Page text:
- Poll verdict a lesson to Congress for criticising Gujarat model: Adityanath
- When celebrations turned sombre at Congress office
- Modi flashes victory sign as BJP close to winning Gujarat, Himachal
- Poll results approval of Modi govt's policies: Rajnath Singh
- 12 killed in fire at a shop in Mumbai
- BJP poised to take power in Himachal
- After early hiccups, BJP set to retain power in Gujarat
- Cong to build alternative narrative based on fairness,jobs for all: Chidambaram
- AIADMK battles war within; actors eye political vacuum in TN
- DRDO has key role in 'Make in India' programme: Sitharaman
- BJP supporters scuttle programme in memory of Nirbhaya: AAP
Pvt firms apart, State, Central PSUs to be hit hard too
The recent decision of the Supreme Court in the Common Cause Vs Union of India case will have wider implications on the mining industry across the country, besides on public sector undertakings owned by the State and Central Governments.
Out of the Rs 20,000 crore to be collected from the erring miners, the Orissa Mining Corporation (OMC), a Government of Odisha Undertaking, is the biggest violator in the mining penalty list, whose fine exceeds Rs 2,177 crore for illegal mining of iron and manganese minerals, forest rules violation, mining plan and environment laws.
The Central PSU like SAIL and the OMDC are not far behind in the penalty list. The court has ruled imposing 100 per cent penalty on minerals raised without environment and forest clearances as per Section 21(5) of the MMDR Act.
Last year, the Jharkhand Government had issued recovery notices to 15 lessees adding up to Rs 7,598 crore, which was later stayed by its High Court but now it may issue fresh notice. Green activists are encouraged to move the court for imposing of penalty for similar violations recorded in Goa and Karnataka.
Apart from iron and manganese, rampant violations in mining have been noticed in the coal and chromite sector. If the Government moves to recover similar penalty from coal and chrome mines, it would be more than a several lakh crores in Odisha only. As on date, about 228 mines of Coal India Limited (CPSU) fall under the category of violation of different environmental norms. Out of these mines, around 220 are pre 1994/legacy mines. These mines did not have any environmental clearances and were in operation through renewal of leases only. In Odisha, more than Rs 80,000 crore could be the penalty recovery notice on Coal India if an assessment is made for the violations, a mining expert commented. It would be no less if similar recovery is made from chromite mines where State Government undertaking is a part, he added. Hence if 100 per cent penalty for illegal mining is realized from Bauxite, graphite, lime stone and all other mineral coming under the MMDR Act, the amount will exceed a few lakh crores in Odisha alone. While the erring lessees are to be punished with penalty, what about the Government officials, bureaucrats, ministers who allowed illegal mining for years. Why did they not take any steps to prevent these violations? Why should they not be held responsible for this wide spread illegality? asked Dhirendra Rout, an activist in Keonjhar and Kendujhar Progressive Citizens Forum president.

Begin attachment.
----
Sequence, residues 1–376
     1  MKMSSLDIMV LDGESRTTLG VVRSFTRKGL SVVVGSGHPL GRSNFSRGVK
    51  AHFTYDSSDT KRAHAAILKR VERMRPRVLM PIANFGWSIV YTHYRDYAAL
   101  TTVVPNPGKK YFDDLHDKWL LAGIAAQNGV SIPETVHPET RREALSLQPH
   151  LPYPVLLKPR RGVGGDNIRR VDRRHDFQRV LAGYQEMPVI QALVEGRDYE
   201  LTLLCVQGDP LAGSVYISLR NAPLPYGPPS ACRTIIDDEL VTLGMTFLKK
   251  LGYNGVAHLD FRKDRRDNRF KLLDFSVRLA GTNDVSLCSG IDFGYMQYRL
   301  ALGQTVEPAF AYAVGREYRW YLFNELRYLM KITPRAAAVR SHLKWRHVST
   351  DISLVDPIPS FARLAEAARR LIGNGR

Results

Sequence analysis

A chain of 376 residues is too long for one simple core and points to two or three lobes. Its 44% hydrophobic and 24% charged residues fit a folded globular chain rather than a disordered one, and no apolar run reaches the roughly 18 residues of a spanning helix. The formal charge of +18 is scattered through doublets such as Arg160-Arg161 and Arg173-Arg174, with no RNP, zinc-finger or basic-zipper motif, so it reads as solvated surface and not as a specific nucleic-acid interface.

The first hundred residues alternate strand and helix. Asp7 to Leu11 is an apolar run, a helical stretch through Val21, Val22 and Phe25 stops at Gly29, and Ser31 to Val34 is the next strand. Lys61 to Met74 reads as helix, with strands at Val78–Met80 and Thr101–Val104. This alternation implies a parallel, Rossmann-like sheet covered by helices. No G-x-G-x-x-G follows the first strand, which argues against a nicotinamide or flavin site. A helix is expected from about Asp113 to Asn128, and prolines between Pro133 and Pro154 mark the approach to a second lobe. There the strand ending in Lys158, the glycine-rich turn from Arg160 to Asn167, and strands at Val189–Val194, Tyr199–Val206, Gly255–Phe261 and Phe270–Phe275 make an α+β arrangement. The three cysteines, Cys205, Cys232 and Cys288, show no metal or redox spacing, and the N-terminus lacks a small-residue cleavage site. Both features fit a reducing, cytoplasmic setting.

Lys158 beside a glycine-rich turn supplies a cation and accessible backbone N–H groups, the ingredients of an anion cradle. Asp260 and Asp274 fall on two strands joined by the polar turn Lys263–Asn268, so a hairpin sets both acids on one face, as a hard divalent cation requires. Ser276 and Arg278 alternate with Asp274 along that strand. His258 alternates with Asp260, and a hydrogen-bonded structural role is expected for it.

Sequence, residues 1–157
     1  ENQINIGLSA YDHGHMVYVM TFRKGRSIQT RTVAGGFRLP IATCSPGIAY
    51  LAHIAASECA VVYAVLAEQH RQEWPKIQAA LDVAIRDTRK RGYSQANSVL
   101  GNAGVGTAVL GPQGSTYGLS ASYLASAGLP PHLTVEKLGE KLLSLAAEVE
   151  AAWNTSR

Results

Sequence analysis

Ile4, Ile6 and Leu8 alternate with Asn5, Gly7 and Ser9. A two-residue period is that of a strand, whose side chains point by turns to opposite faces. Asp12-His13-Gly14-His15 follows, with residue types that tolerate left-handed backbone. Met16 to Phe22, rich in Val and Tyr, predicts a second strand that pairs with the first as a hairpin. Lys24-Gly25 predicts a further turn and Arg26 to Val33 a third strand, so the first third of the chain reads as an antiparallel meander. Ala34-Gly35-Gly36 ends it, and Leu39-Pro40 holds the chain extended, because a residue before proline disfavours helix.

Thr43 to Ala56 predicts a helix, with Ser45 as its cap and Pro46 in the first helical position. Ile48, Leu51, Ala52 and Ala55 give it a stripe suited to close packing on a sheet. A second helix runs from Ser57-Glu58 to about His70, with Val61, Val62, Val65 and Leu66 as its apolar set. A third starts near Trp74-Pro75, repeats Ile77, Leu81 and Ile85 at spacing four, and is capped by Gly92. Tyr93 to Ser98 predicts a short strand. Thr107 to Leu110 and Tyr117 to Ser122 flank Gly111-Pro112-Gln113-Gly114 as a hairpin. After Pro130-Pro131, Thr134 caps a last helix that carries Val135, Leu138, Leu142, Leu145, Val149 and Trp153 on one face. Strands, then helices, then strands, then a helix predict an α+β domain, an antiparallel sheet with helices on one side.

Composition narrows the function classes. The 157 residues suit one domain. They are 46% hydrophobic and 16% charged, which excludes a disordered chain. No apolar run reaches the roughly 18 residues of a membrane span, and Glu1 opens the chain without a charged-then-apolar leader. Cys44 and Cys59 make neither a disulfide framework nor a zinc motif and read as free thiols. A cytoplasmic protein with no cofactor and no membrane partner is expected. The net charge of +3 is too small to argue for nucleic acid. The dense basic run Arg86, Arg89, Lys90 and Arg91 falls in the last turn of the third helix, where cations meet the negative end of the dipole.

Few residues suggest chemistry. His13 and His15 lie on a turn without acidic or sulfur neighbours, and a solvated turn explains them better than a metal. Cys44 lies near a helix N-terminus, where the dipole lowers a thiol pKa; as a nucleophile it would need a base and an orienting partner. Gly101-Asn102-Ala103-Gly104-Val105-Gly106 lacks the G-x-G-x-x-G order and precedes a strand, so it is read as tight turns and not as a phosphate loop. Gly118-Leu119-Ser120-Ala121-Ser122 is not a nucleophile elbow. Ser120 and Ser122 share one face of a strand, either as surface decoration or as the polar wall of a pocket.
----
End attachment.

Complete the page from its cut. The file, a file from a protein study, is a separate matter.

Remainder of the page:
- Police probing from different angles in dead bodies‚Äô case 18 Dec 2017 | PNS | in Dehradun
- PRSI wins award 18 Dec 2017 | PNS | in Dehradun
- Free cataract operation held at Arogyam Hospital 18 Dec 2017 | PNS | in Ranchi
- Workshop on MGNREGA audit organised 18 Dec 2017 | Nityanand Dubey | in Ranchi
- Chakardharpur wins football tournament 18 Dec 2017 | VINOD PRASAD | in Ranchi
- MGM embarks on cleanliness drive 18 Dec 2017 | PNS | in Ranchi
- Lankan Anura Rohana sweeps 16th Tata Open 18 Dec 2017 | PNS | in Ranchi
- Jamshedpur Carnival to kick start today 18 Dec 2017 | PNS | in Ranchi
- Kobad Ghandy rearrested days after release from bail 18 Dec 2017 | SURESH NIKHAR | in Ranchi
- Youths participate in Dehradun Half Marathon in large number 18 Dec 2017 | PNS | in Dehradun